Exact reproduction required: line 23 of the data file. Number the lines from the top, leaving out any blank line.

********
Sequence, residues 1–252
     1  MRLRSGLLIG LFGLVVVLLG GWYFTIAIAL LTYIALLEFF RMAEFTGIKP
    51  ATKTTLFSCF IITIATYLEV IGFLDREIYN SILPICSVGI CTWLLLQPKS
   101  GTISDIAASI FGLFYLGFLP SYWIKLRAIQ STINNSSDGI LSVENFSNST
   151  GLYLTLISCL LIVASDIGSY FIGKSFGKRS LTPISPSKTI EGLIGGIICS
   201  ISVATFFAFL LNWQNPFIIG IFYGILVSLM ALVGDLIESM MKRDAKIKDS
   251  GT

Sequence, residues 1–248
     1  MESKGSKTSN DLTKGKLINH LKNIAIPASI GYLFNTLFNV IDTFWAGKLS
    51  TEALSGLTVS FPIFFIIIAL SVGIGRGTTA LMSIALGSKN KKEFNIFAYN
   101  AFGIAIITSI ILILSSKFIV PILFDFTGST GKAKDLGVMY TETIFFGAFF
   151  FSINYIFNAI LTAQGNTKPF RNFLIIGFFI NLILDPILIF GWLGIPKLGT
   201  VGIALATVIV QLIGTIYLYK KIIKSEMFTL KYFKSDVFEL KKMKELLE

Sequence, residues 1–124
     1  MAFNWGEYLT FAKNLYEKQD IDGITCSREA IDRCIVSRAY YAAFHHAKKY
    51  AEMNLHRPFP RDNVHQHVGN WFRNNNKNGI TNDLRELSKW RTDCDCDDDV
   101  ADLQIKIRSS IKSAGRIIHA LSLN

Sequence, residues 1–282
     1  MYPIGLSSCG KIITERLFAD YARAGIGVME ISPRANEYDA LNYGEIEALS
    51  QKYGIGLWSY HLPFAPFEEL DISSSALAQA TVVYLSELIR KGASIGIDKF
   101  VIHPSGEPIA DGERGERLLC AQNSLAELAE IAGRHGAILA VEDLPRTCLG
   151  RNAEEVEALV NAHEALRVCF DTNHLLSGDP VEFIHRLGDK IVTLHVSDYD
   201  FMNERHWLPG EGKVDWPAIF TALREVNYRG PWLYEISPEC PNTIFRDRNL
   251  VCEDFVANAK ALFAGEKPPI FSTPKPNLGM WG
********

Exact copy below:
   201  FMNERHWLPG EGKVDWPAIF TALREVNYRG PWLYEISPEC PNTIFRDRNL